On a cost-benefit viewpoint, it is far better to improve PT in the major cities (including bringing back trams to Brisbane) and performing inceremental improvements to the existing rail corridor. Just straightening Yass to Albury might shave an hour off transit times between Sydney and Melbourne. Semi-High-Speed Rail (like QRs Tilt Train, or what NSWs XPT was intended to be) is doable, at a modest cost, on current alignments. The much-derided ARTC, with some additional funding, could bring forward planned track improvements, instead of the current system of ‘just getting by’ and performing oh-so-gradual repairs to an interstate network left to rot by successive State Governments. Straighten curves and easing grades are a cheap and quick method of improving transit times.

    While many of the spends could be justified as a Public Transport issue, a side-benefit (and in actuality, probably the main one) is improved transit times and access for rail freight, something that would actually measurably reduce emissions and external costs, even more so if the network was electrified and run off renewable power (think hydro rather than wind).

  • 22
    Bellistner
    Posted December 4, 2012 at 5:16 pm | Permalink

    Adian: to support your suggestion about stages, even the TGV runs on standard track at much-reduced speeds as it approaches Paris and other built-up areas with existing trackage. Spending the last half hour or so at 60-80kmh isn’t a big deal in the scheme of things.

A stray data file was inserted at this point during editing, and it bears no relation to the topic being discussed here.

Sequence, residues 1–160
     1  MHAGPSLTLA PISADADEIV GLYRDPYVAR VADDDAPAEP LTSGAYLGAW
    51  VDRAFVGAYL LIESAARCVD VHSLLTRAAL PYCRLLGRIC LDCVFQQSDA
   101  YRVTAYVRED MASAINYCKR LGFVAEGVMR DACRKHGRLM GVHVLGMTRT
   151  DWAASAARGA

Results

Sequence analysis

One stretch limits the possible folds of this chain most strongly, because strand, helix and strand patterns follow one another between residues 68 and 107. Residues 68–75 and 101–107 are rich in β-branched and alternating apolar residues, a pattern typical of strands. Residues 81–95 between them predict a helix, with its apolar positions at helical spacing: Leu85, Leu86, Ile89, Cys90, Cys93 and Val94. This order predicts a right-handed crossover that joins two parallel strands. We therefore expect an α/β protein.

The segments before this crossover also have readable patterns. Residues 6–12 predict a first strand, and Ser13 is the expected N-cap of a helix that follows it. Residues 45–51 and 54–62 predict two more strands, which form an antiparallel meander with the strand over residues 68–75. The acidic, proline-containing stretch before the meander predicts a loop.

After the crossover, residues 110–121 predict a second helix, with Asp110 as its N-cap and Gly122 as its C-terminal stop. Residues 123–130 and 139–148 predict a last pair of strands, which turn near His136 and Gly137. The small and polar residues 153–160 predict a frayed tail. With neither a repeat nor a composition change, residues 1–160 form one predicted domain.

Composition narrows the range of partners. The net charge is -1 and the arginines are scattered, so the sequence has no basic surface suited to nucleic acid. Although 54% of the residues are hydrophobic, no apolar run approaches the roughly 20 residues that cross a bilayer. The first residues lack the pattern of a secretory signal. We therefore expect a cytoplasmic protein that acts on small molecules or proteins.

• 23
    Alan Davies
    Posted December 4, 2012 at 5:33 pm | Permalink

    Aidan Stanger #20:

    Research by experts like Bent Flyvjberg shows the reverse: costs of major infrastructure projects tend to be under-estimated and benefits over-estimated. Shareholders in Brisbane’s Airport Link could testify to that.

    Be aware that staging slows the flow of benefits too.

    Bellistner #21:

    As you say, all that foofaragh (brilliant word BTW) over the NBN when, unlike HSR, it’s intended to not only fully cover its operating costs but pay back all its capital costs and return 7% p.a. to the government!

  • 24
    Aidan Stanger
    Posted December 4, 2012 at 9:45 pm | Permalink